Maybe more importantly, it shows the effect that being treated with that kind of dignity can have on a woman who never saw her inherent worth, but only the worth that her worldly success brought her. Hayden Panetierre convincingly conveys how much of a revelation this is to her. And it’s not just about the relationship with Sean, but the whole concept of what a family should be. She might even be more in love with the idea of a loving family than she is with Sean.

Since Tilky Jones, who plays Sean Butler, is a guest star, not a regular, on “Nashville,” I’m guessing there will be a break-up in the near future. I doubt the producers in charge would tie one of their leads to a permanent relationship so quickly. Regardless, they’ve done a service to viewers of the show already by respectfully presenting a counter-cultural love story on network television. Maybe Juliette will even write a song about it.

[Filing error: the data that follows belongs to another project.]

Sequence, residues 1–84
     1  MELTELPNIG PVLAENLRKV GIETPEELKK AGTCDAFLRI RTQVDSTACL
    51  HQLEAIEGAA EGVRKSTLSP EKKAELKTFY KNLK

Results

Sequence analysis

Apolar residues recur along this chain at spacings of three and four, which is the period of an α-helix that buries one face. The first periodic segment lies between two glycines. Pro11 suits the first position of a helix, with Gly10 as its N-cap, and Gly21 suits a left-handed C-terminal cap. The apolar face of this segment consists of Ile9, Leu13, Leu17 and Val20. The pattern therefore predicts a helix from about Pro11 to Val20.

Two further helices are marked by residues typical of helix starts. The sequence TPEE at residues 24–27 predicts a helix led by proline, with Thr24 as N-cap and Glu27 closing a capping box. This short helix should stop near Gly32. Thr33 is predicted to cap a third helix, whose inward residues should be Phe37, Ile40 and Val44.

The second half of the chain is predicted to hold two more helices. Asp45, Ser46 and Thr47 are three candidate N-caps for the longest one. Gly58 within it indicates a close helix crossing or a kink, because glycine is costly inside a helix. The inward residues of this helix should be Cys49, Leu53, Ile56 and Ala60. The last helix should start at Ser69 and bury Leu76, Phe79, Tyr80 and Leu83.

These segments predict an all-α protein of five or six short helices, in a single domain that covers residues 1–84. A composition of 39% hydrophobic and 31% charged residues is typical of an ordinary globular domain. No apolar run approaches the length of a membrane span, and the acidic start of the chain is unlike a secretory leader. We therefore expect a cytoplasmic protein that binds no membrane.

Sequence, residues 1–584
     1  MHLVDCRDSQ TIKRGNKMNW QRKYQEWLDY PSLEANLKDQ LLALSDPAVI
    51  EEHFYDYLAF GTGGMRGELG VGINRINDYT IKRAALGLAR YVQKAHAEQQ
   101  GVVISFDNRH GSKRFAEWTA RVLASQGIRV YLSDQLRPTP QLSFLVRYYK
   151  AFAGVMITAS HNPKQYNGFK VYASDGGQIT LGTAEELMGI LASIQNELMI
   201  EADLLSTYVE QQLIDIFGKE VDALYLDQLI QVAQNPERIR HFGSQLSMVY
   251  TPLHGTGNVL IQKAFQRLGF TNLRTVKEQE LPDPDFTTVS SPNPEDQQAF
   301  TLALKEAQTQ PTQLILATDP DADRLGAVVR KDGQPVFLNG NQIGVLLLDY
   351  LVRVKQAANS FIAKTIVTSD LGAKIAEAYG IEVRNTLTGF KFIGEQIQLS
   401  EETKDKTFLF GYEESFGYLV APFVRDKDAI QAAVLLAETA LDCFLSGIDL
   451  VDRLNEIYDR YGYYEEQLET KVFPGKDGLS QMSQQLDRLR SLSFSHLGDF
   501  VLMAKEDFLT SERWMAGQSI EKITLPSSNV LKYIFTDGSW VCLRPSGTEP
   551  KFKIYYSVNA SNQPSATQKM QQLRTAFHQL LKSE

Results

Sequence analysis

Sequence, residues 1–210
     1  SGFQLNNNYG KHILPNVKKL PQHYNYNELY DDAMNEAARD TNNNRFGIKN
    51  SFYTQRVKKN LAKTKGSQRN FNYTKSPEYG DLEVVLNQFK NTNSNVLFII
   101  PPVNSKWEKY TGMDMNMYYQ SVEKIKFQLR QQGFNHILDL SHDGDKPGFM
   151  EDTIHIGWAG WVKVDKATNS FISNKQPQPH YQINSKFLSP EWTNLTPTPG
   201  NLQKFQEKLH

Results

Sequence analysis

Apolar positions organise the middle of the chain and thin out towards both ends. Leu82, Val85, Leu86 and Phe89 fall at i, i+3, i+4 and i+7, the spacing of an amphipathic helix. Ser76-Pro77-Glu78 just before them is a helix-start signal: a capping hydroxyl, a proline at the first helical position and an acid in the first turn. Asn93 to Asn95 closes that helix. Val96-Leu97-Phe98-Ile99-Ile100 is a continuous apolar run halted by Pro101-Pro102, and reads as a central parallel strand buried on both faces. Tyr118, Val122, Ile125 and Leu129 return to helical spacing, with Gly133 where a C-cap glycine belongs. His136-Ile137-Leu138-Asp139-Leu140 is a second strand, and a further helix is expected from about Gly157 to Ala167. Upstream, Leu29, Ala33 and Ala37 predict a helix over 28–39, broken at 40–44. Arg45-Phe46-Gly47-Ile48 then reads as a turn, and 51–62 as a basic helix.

About Tony Rossi

After graduating from St. John's University in New York with degrees in Communications and English, Tony Rossi found a job at the Catholic media organization, The Christophers, that allowed him to indulge his interest in religion, media, and pop culture. He served as The Christophers' TV producer for 11 years, and is currently the host and producer of the organization's radio show/podcast Christopher Closeup, writer and editor of their syndicated Light One Candle column, and producer/scriptwriter of the annual Christopher Awards ceremony.